Regulators seized four more US banks, bringing the total for the year to 20.
The Federal Deposit Insurance Corp (FDIC), in charge of safeguarding bank deposits and resolving failed banks, has predicted that 2010 will be peak year for failures resulting from the recent financial crisis.
It has warned that the banking industry's recovery will lag the overall economy as institutions continue to cope with deteriorating loans, many originated during the credit boom that ended when the housing bubble burst.
The FDIC said on Friday that regulators had closed four banks: the George Washington Savings Bank in Illinois, La Jolla Bank in California, La Coste National Bank in Texas and Marco Community Bank of Marco Island, Florida.
As of December 31, La Jolla Bank, FSB, which had 10 branches, had about $3.6 billion (Dh13.2bn) in assets and $2.8bn in deposits. Its deposits are being assumed by OneWest Bank, FSB.
George Washington Savings Bank, which had four branches, had approximately $412.8m in assets and $397.0m in deposits. Its deposits will be assumed by FirstMerit Bank National Association in Ohio.
La Coste National Bank had approximately $53.9m in assets and $49.3m in deposits. Its single branch will reopen as part of Community National Bank in Texas.
Marco Community Bank had about $119.6m in assets and $117.1m in total deposits.
The FDIC's insurance fund balance is in the red, but the agency has said it has plenty of cash on hand to deal with failures and protect deposits. It also has the potential to tap its $500bn line of credit with Treasury.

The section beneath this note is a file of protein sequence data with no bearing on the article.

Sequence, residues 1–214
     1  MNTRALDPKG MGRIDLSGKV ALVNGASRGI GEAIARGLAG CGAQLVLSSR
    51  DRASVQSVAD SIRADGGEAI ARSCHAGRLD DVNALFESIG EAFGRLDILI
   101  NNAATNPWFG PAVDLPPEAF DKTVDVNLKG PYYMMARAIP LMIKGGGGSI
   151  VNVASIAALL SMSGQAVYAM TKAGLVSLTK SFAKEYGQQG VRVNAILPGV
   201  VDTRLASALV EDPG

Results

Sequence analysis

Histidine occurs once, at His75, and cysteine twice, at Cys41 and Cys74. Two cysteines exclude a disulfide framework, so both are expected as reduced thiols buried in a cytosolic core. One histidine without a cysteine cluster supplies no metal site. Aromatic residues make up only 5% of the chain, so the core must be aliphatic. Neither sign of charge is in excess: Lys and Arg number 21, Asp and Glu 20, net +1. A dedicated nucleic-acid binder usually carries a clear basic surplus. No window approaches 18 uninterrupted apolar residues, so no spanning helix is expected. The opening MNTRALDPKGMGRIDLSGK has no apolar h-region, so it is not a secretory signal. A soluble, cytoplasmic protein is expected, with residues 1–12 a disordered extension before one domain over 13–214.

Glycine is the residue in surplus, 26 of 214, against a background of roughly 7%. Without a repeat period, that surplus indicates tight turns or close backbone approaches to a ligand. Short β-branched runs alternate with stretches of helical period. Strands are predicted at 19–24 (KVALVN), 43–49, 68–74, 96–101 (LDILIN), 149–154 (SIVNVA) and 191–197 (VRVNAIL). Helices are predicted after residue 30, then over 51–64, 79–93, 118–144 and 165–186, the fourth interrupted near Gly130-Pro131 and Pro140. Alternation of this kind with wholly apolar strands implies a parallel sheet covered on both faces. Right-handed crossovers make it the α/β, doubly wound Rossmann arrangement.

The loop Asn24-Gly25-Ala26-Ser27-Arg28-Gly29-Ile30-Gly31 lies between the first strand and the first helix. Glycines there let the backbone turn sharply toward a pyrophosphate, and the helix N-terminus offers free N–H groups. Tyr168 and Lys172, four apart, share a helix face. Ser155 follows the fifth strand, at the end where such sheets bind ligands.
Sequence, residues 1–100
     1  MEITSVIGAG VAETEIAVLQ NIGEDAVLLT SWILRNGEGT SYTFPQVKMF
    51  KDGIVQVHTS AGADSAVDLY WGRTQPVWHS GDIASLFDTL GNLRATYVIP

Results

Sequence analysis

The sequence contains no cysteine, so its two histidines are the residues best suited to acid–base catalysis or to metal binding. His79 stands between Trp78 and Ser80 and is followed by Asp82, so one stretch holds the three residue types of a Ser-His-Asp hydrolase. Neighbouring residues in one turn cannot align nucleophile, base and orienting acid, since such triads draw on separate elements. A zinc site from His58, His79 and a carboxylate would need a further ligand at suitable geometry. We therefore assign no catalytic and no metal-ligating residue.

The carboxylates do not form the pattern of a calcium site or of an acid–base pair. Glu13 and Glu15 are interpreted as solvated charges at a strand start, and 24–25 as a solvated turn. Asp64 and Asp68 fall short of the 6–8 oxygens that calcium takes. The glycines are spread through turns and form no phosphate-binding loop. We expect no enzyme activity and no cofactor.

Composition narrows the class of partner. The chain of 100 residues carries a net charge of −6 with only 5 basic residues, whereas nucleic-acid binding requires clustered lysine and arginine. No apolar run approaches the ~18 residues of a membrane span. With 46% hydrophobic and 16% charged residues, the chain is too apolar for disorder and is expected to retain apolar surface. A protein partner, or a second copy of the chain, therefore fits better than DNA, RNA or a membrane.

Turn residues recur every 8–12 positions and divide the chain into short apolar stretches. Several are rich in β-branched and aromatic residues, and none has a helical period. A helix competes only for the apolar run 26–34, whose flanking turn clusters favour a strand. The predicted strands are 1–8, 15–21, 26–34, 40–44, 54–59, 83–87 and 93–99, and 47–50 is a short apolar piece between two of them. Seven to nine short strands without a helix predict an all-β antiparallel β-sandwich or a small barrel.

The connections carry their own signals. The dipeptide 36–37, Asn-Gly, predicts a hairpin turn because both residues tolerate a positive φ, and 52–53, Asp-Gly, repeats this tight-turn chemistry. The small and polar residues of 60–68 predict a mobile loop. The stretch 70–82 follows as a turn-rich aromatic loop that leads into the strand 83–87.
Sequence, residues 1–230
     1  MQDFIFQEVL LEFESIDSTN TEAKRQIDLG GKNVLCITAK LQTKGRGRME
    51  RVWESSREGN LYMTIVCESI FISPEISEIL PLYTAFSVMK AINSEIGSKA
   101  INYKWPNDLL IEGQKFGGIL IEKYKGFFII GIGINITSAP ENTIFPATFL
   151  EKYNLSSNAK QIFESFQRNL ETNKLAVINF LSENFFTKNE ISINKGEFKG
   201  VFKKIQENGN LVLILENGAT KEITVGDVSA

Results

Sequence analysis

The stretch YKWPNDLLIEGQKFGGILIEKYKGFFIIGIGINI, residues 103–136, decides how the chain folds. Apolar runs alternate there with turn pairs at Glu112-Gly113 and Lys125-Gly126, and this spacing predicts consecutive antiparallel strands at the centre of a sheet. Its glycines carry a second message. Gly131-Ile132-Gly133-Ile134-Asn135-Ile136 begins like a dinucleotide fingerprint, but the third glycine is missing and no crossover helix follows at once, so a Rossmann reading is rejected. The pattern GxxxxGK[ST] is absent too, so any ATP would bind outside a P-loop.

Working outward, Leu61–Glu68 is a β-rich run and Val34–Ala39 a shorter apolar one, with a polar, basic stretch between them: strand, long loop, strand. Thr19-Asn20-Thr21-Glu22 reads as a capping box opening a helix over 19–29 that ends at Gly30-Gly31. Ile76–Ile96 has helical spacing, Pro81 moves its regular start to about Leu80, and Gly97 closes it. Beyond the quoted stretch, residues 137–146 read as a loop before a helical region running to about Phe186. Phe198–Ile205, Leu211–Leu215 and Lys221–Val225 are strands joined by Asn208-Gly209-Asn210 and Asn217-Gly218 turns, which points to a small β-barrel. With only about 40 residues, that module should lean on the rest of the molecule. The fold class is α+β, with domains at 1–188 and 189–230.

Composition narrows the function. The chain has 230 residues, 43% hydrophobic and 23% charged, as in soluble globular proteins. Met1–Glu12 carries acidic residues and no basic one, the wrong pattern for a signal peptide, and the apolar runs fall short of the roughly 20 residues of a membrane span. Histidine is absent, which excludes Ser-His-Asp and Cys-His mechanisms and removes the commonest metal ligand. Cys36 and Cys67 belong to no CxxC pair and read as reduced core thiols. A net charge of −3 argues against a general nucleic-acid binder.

The agency is scheduled to give an update on its view of the banking industry when it holds a quarterly briefing on Tuesday.
It will reveal industry earnings for the fourth quarter of 2009, as well as provide an updated figure of the number of banks on its problem list. As of the end of the third quarter, 552 banks were on the list. The FDIC has said the majority of banks on that list do not fail.
Last year, 140 banks failed, compared to 25 in 2008 and only three in 2007.
Government takes direct stake in Bank of Ireland
Bank of Ireland said it will transfer nearly 200 million ordinary shares to the Irish Government, in lieu of a payment of €250 million (Dh1.25 billion] that was due.
The transfer tomorrow to Ireland's National Pensions Reserves Fund will give the government a 15.73 per cent share of issued ordinary stock – its first direct stake, in addition to Ireland's 25 per cent indirect stake via warrants and preference shares.
The European Commission had told the bank and rival Allied Irish Banks to stop paying dividends on shares and interest on some debt pending a verdict on their restructuring plans for state aid.
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